From Colonel Matthias Ogden
Elizth Town [N.J.] 24th July 
This morning three OClock I had a person from the Island—This information is, that the whole of the Fleet sailed in the forenoon of yesterday, that they were joined by the shipping from New-York before they sailed, that he was on board the Centurion & saw them standing to sea as far as he could see them1—there were upwards of 200 Sail, there are no shipping behind nor have any gone up either the North or East River—he thinks the floating Battery is with them but did not distinguish her with the Fleet, tho he saw her come down to the fleet before they sailed—There have been several marchings of Troops to Kingsbridge & the 22nd two full Brittish & one Hessian Rigements landed from the fleet and marched to Kingsbridge tho he cannot guess with any certainty how many there are at that place—I shall certainly have accounts, this evening, tomorrow evening & the next. I am with due respect & esteem Your Excellencys humble servant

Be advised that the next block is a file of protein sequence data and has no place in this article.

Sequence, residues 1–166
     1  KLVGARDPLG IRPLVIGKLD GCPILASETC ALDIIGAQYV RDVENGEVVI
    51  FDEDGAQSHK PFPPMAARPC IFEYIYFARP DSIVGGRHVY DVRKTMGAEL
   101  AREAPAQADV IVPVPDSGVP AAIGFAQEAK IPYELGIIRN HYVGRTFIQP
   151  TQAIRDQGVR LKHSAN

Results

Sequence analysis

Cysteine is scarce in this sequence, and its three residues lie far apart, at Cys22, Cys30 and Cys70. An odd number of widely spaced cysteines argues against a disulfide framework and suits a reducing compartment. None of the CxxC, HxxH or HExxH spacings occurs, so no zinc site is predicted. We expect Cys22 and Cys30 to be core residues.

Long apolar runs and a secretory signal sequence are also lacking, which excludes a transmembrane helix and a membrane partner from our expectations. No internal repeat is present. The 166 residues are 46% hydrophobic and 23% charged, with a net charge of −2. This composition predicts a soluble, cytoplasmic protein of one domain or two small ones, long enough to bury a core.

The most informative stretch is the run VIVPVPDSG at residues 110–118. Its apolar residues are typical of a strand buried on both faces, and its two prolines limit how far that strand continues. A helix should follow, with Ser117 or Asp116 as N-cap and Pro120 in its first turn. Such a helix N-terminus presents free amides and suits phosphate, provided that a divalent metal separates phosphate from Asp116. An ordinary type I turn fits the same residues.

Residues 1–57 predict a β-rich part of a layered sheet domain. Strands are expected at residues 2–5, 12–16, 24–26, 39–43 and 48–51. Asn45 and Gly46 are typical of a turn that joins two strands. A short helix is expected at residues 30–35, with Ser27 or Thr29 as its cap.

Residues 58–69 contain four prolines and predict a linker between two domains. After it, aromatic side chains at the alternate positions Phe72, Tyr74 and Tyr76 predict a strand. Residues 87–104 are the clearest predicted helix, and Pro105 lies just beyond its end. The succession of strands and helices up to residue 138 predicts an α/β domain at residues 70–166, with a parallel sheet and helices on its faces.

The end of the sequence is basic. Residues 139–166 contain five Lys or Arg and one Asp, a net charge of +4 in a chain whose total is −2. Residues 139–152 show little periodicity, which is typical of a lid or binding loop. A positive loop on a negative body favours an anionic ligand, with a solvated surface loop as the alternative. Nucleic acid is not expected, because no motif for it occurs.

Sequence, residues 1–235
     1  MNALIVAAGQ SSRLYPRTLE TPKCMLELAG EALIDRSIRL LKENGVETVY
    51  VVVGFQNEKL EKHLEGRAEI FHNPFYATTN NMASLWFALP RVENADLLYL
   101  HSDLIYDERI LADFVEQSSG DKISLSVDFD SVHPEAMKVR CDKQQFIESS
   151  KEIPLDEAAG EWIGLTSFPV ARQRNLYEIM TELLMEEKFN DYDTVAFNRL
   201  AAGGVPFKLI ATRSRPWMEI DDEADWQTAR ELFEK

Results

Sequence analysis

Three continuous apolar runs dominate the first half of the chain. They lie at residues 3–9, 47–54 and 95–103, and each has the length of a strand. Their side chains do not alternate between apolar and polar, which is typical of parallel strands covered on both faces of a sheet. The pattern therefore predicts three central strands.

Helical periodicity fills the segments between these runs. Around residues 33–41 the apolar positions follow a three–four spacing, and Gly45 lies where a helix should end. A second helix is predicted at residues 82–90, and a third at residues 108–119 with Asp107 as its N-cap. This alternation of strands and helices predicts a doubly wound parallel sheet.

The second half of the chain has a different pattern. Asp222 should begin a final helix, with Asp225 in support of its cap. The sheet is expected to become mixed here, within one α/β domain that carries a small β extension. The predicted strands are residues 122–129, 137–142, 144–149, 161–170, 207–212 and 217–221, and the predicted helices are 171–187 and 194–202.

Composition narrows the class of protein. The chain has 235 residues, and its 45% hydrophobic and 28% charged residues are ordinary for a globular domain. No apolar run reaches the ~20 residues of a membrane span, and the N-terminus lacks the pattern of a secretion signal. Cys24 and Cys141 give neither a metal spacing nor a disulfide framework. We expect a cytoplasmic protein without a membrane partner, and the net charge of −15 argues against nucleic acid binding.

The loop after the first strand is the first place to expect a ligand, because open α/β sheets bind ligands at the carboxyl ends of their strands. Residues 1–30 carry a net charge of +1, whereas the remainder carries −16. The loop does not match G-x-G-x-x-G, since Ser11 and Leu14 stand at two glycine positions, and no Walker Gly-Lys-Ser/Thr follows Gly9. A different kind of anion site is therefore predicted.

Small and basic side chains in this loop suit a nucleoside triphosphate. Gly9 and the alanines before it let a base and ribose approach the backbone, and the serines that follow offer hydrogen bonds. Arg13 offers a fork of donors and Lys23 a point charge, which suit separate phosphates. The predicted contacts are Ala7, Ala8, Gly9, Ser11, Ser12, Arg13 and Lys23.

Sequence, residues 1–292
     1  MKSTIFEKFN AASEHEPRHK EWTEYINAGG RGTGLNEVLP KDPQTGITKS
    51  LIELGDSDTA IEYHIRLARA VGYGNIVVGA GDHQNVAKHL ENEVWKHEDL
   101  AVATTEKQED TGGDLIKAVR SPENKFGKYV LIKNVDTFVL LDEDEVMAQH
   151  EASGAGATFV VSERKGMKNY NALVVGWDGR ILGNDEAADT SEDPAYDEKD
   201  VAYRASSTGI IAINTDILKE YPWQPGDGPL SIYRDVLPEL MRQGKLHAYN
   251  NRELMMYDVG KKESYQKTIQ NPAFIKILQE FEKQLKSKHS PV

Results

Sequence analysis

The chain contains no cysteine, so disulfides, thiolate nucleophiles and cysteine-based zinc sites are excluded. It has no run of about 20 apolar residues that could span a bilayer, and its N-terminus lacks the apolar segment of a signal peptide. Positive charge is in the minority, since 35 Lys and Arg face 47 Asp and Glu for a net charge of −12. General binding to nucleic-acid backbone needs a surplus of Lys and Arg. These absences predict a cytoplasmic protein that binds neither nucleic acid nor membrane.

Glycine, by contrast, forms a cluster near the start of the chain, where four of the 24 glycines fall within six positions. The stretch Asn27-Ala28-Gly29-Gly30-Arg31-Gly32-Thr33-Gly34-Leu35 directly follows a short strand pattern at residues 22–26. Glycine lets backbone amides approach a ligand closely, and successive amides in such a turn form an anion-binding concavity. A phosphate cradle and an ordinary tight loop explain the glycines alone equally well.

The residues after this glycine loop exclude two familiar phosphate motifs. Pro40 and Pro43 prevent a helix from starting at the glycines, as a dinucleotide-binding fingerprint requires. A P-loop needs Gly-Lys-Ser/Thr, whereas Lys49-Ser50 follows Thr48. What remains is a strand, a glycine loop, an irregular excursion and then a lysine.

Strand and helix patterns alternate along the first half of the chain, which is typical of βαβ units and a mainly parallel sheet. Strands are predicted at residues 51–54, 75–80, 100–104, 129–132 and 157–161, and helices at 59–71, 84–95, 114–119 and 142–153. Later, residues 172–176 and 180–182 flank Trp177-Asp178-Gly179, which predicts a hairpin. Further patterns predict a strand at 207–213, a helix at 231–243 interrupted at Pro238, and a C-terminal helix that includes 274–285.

1. British officer Stephen Kemble’s journal entry for 23 July 1777 confirms that the British fleet sailed from Sandy Hook on that date: “Reported the Fleet Sailed out of the Hook; nothing alse Extraordinary” (Kemble Papers description begins [Stephen Kemble]. The Kemble Papers. 2 vols. New York, 1884-85. In Collections of the New-York Historical Society, vols. 16–17. description ends , 1:126). H.M.S. Centurion, commanded by Capt. Richard Brathwaite, was a 50–gun warship containing 350 men (see Lord Howe’s list of ships of war, transports, etc., 9 July, in Naval Documents description begins William Bell Clark et al., eds. Naval Documents of the American Revolution. 11 vols. to date. Washington, D.C., 1964—. description ends , 9:250–51). Maj. Gen. Charles Lee had been placed on the Centurion in early June for “greater Security” (extract of a letter from an officer on board the Eagle, 9 June 1777, ibid., 78–79).